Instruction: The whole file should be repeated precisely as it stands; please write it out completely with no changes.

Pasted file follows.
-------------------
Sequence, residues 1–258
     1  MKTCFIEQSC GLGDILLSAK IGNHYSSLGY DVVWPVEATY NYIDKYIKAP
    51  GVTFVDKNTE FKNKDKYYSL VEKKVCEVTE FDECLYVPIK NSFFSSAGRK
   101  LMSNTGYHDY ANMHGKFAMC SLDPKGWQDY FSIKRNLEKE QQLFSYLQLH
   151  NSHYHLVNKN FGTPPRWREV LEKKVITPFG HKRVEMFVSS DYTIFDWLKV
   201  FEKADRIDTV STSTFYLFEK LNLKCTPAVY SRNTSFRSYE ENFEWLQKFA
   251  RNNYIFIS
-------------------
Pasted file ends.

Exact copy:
Sequence, residues 1–258
     1  MKTCFIEQSC GLGDILLSAK IGNHYSSLGY DVVWPVEATY NYIDKYIKAP
    51  GVTFVDKNTE FKNKDKYYSL VEKKVCEVTE FDECLYVPIK NSFFSSAGRK
   101  LMSNTGYHDY ANMHGKFAMC SLDPKGWQDY FSIKRNLEKE QQLFSYLQLH
   151  NSHYHLVNKN FGTPPRWREV LEKKVITPFG HKRVEMFVSS DYTIFDWLKV
   201  FEKADRIDTV STSTFYLFEK LNLKCTPAVY SRNTSFRSYE ENFEWLQKFA
   251  RNNYIFIS